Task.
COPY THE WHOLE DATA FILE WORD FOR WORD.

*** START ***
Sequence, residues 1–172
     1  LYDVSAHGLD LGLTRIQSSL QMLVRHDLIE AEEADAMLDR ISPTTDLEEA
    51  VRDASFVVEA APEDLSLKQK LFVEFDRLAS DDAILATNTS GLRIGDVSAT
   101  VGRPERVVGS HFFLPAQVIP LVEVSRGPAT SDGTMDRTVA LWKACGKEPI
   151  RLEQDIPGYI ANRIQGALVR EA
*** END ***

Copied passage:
Sequence, residues 1–172
     1  LYDVSAHGLD LGLTRIQSSL QMLVRHDLIE AEEADAMLDR ISPTTDLEEA
    51  VRDASFVVEA APEDLSLKQK LFVEFDRLAS DDAILATNTS GLRIGDVSAT
   101  VGRPERVVGS HFFLPAQVIP LVEVSRGPAT SDGTMDRTVA LWKACGKEPI
   151  RLEQDIPGYI ANRIQGALVR EA